Our mission


We propose nothing less than the preservation and protection of our increasingly threatened food crop heritage, and will accomplish this via a Web-based hub providing local avenues for the free exchange of open-pollinated and heirloom germplasm, including seeds, bulbs, rhizomes, cuttings, and whole plants.

Rather than act as a central seed bank, the San Pedro Seed Exchange will facilitate the saving and swapping of these legacy materials directly amongst the peoples and communities of the San Pedro River Valley and watershed. We will create a loom with which area gardeners can weave the diverse tapestry of our saved seed heritage.

While the protection of our remaining food crop varieties is our foremost goal, we also envision that this shared tapestry will serve as a community builder, linking the disparate settlements of the San Pedro River Valley with a common cause. We have no more common cause than the food that we eat.

Why is a seed exchange necessary? The answer is as simple as it is devastating. We are losing our food crop diversity at an alarming rate. Some studies have indicated that over 90% of the vegetable varieties grown in the early 1900s are now extinct. Think about this, 90% of the varieties that the population so long depended on for sustenance are gone–gone forever. Over 90% of what it has taken our ancestors nearly 10,000 years to develop has been squandered away in 1% of that time.

In this tragedy, we have lost far more than yesteryear’s sentimental favorites; far more than tomatoes that made you gasp with delight as you bit into them, or strawberries that were heaven on earth. We have also permanently thrown away untold treasures in genetic diversity and crop adaptability. As an agricultural species, we have always relied on food crop diversity to pull us through the vagaries of climate, pests, and blight. We are never certain which traits will be needed in the next emergency. The history books are laden with woeful tales of our over-reliance on too little diversity–look no farther than the Great Famine in Ireland for a much hallowed example. It is within what remains of this once great network of crop diversity that we weave our tapestry. Let us catch each freefalling variety seemingly destined for extinction and give it a living spot in our weave. It is far easier to preserve a variety than to rebuild one.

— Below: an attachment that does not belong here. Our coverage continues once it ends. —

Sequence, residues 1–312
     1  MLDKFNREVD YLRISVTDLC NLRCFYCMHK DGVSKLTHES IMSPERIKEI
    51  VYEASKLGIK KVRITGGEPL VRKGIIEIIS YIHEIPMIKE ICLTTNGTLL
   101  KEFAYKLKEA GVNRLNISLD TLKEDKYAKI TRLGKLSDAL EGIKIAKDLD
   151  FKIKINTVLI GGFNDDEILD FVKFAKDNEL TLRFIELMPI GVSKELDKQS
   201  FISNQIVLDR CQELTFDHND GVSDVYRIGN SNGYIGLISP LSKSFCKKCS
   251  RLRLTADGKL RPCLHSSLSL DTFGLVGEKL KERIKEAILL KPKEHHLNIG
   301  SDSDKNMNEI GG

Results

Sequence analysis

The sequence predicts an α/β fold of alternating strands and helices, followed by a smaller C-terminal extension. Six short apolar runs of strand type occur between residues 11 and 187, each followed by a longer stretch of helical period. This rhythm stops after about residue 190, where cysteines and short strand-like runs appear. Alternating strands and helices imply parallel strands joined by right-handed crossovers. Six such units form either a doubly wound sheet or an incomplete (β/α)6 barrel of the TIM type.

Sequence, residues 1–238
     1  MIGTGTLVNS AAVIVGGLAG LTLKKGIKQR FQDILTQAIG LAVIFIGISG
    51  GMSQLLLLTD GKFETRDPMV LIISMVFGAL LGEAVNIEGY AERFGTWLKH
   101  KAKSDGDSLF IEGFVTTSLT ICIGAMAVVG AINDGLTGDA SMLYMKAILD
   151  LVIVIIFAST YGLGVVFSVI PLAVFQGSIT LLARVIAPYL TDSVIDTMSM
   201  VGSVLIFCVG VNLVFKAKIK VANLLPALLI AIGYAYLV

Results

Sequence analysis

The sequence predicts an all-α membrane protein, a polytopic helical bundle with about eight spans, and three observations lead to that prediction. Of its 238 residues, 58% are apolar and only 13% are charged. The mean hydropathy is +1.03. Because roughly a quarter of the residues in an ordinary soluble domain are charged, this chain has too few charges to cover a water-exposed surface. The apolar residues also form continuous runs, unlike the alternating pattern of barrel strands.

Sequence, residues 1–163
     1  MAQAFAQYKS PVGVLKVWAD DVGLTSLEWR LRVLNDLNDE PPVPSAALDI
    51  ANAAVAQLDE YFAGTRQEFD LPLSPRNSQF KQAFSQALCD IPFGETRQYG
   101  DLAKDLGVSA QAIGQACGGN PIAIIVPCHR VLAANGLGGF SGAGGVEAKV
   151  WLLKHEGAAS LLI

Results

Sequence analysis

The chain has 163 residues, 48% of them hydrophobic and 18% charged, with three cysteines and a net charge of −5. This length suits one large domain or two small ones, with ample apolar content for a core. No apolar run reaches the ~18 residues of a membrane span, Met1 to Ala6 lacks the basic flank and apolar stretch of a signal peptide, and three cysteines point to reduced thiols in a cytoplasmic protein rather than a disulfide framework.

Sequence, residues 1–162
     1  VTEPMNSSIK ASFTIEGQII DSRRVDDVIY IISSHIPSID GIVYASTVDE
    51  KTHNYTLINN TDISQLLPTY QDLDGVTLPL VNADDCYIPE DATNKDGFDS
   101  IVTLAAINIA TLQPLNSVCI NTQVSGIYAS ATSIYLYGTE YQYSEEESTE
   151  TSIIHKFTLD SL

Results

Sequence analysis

How could this extinction of our food crop diversity have happened? It is primarily a result of the increasing hold that the big seed companies have taken on our farming systems. It takes little genius to realize than when you sell a product it pays to monopolize that product and make it exclusive to your company. Thus, the era of the hybrid variety was born. Hybrid seed, however, lacks the genetic stability required to produce true to the parent type. This necessitates the purchase of fresh seed from the company each growing season. These seed companies make far more money selling their hybrids to big agriculture than could be made selling the open pollinated and heirloom forms that they began with, so, these older varieties were one by one allowed to expire and become extinct. Reliance upon hybrids is not our only problem. International mega-conglomerates now impose the frightening and untested specter of GMOs (genetically modified organisms) on our already terribly broken food systems. Among these, Monsanto stands out not only due to its size, but also its frightening inroads into and influences on the powerbase of our government.

We cannot bring back what has been lost, as those crops are gone forever, but we can stand together to save what remains. So this then is our mission–we must defy the large corporations that push their profit-driven and short-sighted agendas. We must create our own grassroots gardens of food crop diversity, our own tapestry of food freedom. Let us empower ourselves to decide what we will grow and what we will eat. These are the decisions of the dinner table, not the boardroom table. We, the people, must reclaim our heritage now and stand up for our inherent freedoms to grow and eat what we choose. Let us sow the seeds of this revolution here and now. From this point on, we may be seen as rebels and outlaws in the eyes of mega business and corrupt governments. So, let us as seed outlaws bring revolution to those that would have us abandon our life-giving food crop heritage.